Design Websites With A Grid System

Posted on Thu, October 25, 2012 in User Interface, Web Design, by Kevin Carpenter

When you first begin a web design project where do you start? Color scheme? Fonts? Probably not. Most of us start with a sketch outline of the site’s structure. A big part of this structure lies in the grid – a vertical set of guidelines that help determine shape, placement of items and overall structure of each website. Grids are a tool for visual problem solving — they create layout boundaries: known relationships and constraints that define an environment wherein a design can occur. There are a variety of grid-based structures. Most commonly, a grid is made of multiple columns and gutters of equal widths. Grids can also be created from columns of varying widths to form bigger columns.

Column Grids

Every vertical grid is comprised of two things – columns and gutters. Columns are the wider divisions, while gutters are defined as the equal spaces between columns. Even when a grid contains columns of varying widths the gutter widths are often static. Web grids vary widely and there is no magic number of columns or width of gutters. Often web grids range from 2 to 12 columns. When using a vertical column-based grid, the lines are typically invisible and only known to the designer or developer. However, these lines do create a plane for all the objects – text, images and even ads – so that everything lines up neatly. This will create organization and an overall sense of harmony between elements.

Building A Grid

The first step in creating a grid is to set your size constraints — how wide will your page be? When designing the grid, think about how elements will live within the columns. Are you planning to design strictly in column and rows or is your grid going to be used more in a way that looks “less gridded?” Then think about flexibility in design – how many columns do you want to work with. Ideally, you will work in sets of threes or fours, so that you have divisible groups that can be broken into smaller parts. When considering the number of columns in your grid, also take gutter widths into account. Commonly, gutters are 10 to 20 pixels wide. Then it is time to do the math. Determine your overall site width. Set a gutter width. Determine the number of columns. Take your overall width minus the gutter widths (keep in mind that you have one less gutter than total number of columns). Divide the remaining number by the total number of columns to get a width for each column.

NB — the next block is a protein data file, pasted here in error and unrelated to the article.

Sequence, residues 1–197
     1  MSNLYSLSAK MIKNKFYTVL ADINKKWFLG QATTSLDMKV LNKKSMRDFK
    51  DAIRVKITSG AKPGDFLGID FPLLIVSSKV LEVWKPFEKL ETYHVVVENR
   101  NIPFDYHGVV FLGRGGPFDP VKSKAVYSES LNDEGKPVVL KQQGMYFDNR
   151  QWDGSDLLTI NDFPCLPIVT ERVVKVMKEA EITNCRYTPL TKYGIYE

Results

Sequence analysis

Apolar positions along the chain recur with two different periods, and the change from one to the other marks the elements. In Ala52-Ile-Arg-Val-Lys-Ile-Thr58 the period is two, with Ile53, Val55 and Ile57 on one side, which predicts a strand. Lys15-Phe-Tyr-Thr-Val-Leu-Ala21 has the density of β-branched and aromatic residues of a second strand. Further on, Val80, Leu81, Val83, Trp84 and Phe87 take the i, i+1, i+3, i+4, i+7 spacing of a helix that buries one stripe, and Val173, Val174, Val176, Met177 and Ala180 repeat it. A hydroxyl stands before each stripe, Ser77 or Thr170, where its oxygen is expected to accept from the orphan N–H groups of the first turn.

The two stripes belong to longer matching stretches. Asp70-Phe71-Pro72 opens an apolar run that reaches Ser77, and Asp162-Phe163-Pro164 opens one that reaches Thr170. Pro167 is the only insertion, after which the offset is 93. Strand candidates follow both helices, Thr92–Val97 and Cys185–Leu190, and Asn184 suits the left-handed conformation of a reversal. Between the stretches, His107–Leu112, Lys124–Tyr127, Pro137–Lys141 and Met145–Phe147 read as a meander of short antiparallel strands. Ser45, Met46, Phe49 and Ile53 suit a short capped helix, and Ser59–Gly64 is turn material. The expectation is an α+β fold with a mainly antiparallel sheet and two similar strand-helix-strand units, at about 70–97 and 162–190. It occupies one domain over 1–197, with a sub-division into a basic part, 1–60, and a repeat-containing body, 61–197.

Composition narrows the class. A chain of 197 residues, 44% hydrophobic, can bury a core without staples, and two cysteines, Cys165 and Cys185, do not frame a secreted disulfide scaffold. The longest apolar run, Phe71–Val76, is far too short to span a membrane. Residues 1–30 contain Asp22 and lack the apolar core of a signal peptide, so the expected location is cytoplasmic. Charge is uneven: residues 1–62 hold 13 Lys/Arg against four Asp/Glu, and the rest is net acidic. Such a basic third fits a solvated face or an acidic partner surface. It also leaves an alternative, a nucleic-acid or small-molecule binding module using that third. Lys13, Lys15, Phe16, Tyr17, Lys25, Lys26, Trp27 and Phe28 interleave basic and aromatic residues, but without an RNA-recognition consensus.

So lets say I choose to design a layout with a width of 1140 pixels, a gutter size of 20 px, and I want 4 columns. That will give me 3 gutters each at 20px.

3 x 20 = 60px 1140px (Total width) - 60px (Total gutter width) = 1080px. Then take that number and divide by the number of columns. 1080px / 4 Columns= 270px.

Finally you are left with the width of each column in your layout.

(Total width of grid) - (Total gutter width) = Total width of columns (Total width of columns) / (Number of columns) = Width of each column.


Thankfully, there are some great tools to help you get started with designing with a grid. They provide photoshop templates, calculation tools and examples to help you get started. Your designs will be greatly improved by using a grid as your foundation.
960 Grid System
1140 Grid System

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